Handbook of Behavioural Change and Public Policy
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Handbook of Behavioural Change and Public Policy

Edited by Holger Straßheim and Silke Beck

Behavioural change has become a core issue of public policy. Behavioural instruments such as ‘nudging’ apply insights from behavioural economics and behavioural sciences, psychology and neurosciences across a broad range of policy areas. Behavioural insights teams and networks facilitate the global spread of behavioural public policies. Despite an ever-growing amount of literature, research has remained fragmented. This comprehensive Handbook unites interdisciplinary scholarship, with contributions critically assessing the state and direction of behavioural public policies, their normative implications and political consequences.
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Chapter 21: Constitutional limits to regulation-by-nudging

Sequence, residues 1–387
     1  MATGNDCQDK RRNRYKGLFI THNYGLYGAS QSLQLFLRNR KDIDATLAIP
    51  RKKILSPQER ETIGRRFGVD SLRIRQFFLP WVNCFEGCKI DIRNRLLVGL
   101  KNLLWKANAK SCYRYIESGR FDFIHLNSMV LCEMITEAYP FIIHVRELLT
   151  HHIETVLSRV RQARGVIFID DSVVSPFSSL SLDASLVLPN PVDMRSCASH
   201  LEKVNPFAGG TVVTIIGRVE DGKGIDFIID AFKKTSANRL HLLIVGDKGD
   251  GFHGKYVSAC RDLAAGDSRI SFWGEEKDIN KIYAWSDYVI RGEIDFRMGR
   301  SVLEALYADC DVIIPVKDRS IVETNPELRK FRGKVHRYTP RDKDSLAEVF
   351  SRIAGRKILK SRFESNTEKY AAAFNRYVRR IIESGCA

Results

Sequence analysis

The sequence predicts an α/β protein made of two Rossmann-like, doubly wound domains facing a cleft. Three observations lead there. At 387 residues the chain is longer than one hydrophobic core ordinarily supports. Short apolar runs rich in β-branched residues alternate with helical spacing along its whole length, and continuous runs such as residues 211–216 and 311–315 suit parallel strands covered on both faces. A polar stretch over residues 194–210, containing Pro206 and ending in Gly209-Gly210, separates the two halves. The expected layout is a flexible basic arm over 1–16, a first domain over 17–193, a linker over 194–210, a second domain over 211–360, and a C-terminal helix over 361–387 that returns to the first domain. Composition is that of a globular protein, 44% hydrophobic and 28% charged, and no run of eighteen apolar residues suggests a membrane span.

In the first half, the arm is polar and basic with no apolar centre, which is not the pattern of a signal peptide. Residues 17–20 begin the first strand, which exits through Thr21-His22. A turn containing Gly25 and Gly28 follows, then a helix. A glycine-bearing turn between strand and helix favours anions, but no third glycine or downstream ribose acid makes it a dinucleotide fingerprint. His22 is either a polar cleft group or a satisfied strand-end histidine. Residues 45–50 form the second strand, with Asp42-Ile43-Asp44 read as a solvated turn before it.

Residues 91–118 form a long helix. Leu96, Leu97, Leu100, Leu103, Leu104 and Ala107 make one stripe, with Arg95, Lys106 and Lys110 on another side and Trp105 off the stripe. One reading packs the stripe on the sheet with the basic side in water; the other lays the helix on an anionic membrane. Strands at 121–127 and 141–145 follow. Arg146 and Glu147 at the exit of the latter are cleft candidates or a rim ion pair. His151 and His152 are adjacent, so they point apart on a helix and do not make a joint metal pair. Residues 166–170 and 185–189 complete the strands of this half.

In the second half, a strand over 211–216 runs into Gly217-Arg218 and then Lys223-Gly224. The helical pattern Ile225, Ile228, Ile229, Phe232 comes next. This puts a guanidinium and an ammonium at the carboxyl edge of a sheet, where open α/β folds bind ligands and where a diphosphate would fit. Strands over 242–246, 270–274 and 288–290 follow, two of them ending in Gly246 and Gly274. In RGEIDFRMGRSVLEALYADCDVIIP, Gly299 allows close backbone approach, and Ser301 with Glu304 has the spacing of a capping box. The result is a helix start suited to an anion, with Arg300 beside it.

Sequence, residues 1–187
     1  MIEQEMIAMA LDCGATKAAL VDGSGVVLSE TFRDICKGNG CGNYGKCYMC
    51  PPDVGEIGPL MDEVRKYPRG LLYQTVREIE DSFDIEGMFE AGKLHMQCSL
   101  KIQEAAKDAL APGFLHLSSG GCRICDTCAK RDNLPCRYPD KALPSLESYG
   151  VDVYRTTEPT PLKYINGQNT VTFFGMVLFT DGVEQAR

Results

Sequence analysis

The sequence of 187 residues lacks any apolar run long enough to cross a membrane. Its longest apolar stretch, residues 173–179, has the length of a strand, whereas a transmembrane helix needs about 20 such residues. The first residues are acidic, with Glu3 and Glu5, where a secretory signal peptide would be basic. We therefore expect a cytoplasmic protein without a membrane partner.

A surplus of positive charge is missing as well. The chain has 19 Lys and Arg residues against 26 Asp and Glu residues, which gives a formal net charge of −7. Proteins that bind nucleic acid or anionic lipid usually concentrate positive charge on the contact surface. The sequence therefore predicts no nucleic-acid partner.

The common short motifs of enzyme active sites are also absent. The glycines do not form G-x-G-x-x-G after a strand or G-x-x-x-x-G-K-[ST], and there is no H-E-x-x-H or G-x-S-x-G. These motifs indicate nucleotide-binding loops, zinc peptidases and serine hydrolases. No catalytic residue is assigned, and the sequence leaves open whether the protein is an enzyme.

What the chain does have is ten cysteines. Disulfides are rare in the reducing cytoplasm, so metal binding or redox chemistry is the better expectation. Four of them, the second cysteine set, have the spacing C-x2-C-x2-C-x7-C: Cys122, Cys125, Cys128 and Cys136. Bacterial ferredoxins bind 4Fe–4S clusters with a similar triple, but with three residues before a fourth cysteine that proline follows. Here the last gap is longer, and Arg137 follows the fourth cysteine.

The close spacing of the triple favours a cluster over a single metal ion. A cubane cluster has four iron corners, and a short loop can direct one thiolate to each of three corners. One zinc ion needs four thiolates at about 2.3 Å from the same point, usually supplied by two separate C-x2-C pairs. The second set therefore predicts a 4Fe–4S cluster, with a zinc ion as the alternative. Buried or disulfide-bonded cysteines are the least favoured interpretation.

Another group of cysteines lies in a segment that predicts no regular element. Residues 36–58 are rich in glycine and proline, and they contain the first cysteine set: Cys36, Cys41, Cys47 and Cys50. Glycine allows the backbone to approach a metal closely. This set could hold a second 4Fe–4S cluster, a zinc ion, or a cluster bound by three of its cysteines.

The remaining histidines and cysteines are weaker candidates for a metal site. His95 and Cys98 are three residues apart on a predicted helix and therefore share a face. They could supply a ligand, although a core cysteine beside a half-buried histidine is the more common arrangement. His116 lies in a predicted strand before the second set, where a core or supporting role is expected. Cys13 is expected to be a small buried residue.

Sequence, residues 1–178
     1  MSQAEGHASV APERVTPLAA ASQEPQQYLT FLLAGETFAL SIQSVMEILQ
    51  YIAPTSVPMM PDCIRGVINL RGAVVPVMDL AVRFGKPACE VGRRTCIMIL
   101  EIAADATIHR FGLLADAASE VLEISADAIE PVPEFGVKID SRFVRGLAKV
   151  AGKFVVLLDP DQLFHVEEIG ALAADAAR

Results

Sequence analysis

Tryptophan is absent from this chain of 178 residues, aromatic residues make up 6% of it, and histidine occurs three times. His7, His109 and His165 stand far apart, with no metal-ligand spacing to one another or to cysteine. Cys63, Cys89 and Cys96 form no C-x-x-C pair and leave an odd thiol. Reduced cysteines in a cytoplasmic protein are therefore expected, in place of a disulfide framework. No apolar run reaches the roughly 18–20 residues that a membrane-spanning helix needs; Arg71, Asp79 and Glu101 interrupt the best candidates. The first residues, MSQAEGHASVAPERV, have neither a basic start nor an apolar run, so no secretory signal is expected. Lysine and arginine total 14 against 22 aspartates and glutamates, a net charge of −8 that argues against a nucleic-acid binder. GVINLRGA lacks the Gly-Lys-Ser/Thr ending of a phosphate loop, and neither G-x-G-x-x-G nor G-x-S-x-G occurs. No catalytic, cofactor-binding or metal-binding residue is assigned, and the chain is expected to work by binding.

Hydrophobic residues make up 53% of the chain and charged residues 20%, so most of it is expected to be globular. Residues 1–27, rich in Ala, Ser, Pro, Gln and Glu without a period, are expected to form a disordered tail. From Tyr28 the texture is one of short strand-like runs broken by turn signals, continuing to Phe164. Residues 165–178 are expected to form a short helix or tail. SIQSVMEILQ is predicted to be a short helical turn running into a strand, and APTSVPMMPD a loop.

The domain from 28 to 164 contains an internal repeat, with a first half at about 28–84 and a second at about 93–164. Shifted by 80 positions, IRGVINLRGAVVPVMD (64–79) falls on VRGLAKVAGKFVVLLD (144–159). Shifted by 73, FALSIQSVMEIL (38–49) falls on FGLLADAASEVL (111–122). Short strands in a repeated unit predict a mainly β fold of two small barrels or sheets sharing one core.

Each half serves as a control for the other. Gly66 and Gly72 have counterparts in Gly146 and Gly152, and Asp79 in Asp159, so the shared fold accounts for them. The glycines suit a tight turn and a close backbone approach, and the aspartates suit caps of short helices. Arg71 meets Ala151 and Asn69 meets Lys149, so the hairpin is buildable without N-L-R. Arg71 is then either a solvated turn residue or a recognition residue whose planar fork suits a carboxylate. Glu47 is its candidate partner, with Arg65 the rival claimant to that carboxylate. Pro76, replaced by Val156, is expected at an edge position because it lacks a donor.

Anne van Aaken

Abstract

Nudges with paternalistic aims pose special legal problems in liberal States. Surprisingly, the discussion on regulation-by-nudging has not focused on the constitutional limits to nudging. But judges may at one point be confronted with a nudge regulation challenged by the individuals being nudged; and even before reaching a court, the legality of nudging should be scrutinized by legislators. In this chapter, the legal limits of nudging under the European Convention of Human Rights and the Charter of Fundamental Rights are explored with a special view on the different (legitimate) aims of nudging, that is, paternalistic and non-paternalistic nudges (targeting externalities and public goods/bads). Different types of nudges are scrutinized by applying the proportionality principle. Whereas some nudges pass the test easily, others might fail the test. The analysis can be extended mutatis mutandis to other human rights protection instruments and constitutions.

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